In addition to opposing the plaintiffs' motion for a preliminary injunction, all defendants have filed motions to dismiss. They rely chiefly on the plaintiffs' alleged failure to exhaust their administrative remedies and as a corollary on the doctrine of primary jurisdiction, i.e., that the initial resolution of these problems was placed by Congress within the special competence of the Commission.

The plaintiffs, it is alleged, could have petitioned to intervene in each of the twenty proceedings leading to the licensing of the twenty plants, but failed to do so. They could have petitioned to intervene at the time the Interim Acceptance Criteria were issued in June 1971, but failed to do so. They have not participated in the present Rule-making Proceedings. They could have participated but have not done so. It still may be possible for them to intervene, even though the safety phase of the proceeding was concluded on the 11th of December, 1972.

Most importantly, the plaintiffs could immediately petition for a rule-making proceeding challenging the effectiveness of ECCS, but up to now have not done so.

In short, the Court is entirely bereft of anything approaching an adequate administrative record upon which we can act. Certainly the reasons for the exhaustion rule apply to the facts of this case with special force. The specialized and complex problems of safety arising out of the operation of the nuclear power reactors should initially be presented to and solved by the agency having jurisdiction and special competence, not by this Court,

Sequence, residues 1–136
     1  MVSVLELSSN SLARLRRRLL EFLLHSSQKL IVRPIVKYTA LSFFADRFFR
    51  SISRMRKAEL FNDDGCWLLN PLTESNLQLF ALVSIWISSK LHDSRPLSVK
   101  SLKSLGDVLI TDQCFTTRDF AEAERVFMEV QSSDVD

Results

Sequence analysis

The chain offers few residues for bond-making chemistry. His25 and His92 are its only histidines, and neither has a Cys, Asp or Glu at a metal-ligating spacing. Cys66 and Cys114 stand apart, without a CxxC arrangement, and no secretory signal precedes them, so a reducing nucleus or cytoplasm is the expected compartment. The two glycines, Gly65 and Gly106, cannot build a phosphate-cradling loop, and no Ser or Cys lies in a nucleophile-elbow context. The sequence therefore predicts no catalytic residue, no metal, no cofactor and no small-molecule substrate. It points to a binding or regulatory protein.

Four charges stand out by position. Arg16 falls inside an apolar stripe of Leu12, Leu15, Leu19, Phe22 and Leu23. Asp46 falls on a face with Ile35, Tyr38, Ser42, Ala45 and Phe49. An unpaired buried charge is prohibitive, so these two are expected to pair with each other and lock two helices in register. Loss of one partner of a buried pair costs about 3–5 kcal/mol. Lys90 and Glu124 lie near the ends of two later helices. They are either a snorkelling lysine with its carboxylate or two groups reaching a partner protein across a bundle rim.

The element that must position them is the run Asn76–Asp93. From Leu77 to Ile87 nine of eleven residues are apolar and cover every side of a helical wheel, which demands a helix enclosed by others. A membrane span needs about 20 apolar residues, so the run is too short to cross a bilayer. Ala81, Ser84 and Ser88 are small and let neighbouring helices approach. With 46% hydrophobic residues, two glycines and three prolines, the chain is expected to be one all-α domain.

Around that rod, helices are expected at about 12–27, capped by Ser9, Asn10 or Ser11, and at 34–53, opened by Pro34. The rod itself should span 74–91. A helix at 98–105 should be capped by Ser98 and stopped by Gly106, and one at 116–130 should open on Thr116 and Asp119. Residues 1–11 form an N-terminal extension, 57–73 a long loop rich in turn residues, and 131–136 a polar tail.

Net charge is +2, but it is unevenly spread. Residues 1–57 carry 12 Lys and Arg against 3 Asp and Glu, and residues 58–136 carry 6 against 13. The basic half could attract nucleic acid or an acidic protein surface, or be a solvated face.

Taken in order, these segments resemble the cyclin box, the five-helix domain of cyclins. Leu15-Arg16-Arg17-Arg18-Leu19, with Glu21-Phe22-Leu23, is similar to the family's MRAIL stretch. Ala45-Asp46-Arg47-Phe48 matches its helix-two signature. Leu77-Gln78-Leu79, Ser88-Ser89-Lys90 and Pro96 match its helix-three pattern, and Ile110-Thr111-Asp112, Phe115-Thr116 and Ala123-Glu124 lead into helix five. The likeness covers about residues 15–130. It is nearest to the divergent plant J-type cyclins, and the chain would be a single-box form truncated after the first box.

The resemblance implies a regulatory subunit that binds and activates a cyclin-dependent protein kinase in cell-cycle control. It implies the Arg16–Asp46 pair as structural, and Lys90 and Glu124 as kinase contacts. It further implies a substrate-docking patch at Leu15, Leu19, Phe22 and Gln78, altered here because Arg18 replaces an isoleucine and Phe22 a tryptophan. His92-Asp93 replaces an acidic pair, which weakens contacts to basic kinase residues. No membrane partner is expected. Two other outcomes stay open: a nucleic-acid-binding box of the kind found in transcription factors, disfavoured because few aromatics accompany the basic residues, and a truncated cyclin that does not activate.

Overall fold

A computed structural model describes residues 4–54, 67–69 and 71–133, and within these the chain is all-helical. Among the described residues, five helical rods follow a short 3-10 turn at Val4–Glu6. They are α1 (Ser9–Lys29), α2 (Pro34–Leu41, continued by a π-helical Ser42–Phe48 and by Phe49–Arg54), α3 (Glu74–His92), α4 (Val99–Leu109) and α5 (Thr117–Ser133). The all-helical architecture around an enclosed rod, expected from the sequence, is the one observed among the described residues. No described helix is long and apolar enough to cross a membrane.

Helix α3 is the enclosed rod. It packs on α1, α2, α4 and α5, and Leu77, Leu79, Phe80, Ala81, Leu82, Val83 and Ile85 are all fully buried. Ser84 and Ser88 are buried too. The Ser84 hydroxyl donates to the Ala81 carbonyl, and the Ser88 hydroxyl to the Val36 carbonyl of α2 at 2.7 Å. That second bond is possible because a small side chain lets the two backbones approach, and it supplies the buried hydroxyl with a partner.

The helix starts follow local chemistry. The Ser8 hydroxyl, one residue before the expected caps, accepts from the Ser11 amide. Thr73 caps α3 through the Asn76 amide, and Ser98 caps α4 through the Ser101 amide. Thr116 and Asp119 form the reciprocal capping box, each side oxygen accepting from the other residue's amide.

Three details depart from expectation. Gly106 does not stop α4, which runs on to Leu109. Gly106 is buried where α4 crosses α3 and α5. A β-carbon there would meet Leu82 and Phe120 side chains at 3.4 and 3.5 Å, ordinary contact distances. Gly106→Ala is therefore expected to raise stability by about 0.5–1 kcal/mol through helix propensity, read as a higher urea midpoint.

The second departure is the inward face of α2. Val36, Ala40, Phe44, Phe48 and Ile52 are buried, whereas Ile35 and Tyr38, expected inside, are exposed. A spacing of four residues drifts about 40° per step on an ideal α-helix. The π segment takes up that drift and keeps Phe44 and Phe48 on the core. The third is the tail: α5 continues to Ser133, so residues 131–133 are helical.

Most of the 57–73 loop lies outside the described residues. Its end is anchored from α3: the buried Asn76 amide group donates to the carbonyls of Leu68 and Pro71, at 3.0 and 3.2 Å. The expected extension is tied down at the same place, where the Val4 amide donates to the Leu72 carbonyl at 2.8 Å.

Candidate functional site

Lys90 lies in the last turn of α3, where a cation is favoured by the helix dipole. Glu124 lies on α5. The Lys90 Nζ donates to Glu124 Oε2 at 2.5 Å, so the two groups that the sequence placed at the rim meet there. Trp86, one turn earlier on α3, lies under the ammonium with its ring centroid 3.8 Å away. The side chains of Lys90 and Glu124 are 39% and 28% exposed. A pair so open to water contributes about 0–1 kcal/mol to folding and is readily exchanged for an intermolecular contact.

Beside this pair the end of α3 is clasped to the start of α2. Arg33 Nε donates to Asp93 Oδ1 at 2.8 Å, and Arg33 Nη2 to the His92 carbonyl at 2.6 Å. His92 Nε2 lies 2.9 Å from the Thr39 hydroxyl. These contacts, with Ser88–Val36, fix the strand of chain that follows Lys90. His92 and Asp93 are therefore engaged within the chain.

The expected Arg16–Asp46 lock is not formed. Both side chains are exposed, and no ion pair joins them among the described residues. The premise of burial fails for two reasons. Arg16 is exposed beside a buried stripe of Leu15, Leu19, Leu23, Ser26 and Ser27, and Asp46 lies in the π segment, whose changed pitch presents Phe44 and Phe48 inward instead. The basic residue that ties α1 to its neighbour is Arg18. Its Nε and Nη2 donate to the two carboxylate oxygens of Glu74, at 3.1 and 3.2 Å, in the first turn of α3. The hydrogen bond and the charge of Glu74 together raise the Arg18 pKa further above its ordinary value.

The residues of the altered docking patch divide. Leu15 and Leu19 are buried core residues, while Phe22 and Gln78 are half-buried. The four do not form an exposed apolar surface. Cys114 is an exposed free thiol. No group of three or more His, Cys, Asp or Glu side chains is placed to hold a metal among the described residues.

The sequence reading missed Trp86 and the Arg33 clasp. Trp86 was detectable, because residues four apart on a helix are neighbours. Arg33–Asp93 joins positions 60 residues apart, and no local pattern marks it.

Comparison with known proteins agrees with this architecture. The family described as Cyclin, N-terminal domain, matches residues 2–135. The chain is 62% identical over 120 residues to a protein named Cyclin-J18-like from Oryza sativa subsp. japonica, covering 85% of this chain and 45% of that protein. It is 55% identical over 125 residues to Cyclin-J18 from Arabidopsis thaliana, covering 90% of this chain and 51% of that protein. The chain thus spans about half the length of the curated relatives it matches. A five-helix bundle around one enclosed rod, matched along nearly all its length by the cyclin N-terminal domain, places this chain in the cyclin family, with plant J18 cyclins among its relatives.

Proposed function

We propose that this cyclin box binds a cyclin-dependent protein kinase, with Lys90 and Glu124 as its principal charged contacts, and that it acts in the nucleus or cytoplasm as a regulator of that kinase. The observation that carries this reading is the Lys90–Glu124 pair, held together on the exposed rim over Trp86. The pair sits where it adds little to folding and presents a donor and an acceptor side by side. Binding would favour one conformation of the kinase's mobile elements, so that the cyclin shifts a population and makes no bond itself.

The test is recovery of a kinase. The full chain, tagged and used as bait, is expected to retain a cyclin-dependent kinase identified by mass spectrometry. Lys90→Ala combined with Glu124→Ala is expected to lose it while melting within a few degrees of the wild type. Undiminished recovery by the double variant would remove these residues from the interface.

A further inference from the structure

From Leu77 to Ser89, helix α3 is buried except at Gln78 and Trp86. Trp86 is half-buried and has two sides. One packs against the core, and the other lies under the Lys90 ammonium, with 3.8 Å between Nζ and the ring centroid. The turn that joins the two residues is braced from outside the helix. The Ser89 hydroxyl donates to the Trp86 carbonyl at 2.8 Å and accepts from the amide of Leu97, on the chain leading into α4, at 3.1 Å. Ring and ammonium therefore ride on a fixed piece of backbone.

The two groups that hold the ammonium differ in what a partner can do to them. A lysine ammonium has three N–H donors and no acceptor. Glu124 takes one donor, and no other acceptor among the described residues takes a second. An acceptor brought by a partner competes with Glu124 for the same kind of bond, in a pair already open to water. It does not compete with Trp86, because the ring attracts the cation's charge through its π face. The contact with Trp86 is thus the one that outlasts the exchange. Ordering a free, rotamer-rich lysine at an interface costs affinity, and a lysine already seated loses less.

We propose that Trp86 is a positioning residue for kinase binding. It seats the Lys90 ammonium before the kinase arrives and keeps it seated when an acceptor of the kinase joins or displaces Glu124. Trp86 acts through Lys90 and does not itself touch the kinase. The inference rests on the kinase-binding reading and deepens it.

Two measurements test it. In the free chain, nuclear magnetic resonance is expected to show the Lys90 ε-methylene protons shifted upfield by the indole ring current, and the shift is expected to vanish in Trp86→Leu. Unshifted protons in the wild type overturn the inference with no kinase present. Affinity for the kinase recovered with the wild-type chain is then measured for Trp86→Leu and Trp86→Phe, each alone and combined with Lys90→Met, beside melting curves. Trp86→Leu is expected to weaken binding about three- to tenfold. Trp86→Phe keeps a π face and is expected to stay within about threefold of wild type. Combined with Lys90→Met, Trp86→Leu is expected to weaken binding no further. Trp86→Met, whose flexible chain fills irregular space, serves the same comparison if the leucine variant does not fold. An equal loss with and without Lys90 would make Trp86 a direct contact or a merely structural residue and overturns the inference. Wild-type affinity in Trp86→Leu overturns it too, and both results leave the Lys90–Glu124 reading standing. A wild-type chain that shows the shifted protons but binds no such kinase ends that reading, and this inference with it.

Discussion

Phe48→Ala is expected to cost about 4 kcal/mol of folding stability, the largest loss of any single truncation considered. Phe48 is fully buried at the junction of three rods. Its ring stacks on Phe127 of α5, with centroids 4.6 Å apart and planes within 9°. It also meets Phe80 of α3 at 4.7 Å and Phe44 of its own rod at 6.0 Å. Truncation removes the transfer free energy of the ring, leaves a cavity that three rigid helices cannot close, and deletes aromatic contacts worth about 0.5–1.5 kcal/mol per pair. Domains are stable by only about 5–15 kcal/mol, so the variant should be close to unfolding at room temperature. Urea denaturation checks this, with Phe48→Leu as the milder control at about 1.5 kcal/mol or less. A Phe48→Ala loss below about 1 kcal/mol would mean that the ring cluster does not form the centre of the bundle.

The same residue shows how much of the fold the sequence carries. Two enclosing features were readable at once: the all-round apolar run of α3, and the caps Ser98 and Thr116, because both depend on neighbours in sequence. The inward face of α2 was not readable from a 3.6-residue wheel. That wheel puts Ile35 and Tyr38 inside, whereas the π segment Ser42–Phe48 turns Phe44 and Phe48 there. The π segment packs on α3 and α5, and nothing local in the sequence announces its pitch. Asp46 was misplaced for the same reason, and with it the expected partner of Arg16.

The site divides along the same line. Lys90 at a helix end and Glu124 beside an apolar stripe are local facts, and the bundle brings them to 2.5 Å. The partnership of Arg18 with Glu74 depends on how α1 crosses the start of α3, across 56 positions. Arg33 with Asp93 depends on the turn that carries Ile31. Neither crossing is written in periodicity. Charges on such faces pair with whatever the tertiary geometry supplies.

Furthermore, the statute expressly provides that the review of AEC action lies solely in the United States Court of Appeals. So the plaintiffs are not foreclosed by adverse action on the part of the Commission in connection with any actions that conceivably they might take. However, consideration by the appellate court will be centered on an administrative record made by the plaintiffs before the Commission, and any decision or order of the Commission to be sustained must be supported by substantial evidence.

Here we do not have anything that can be properly designated as an administrative record or even an order or a decision of the Commission which we can measure in the light of such record. On the basis of the foregoing, we can only conclude that this action must be dismissed for want of jurisdiction.

Since the motions to dismiss contained affidavits which were not a part of the record but which were considered, the motions to dismiss will be treated under Rule 12(b)(6) of the Federal Rules of Civil Procedure as motions for summary judgment.


* * *

Gentlemen, since the lunch hour when we adjourned, I have written a brief memorandum which sets forth my ruling and the [3 ELR 20802] reasons for it. It is necessarily somewhat a broad brush, but I think it speaks for itself.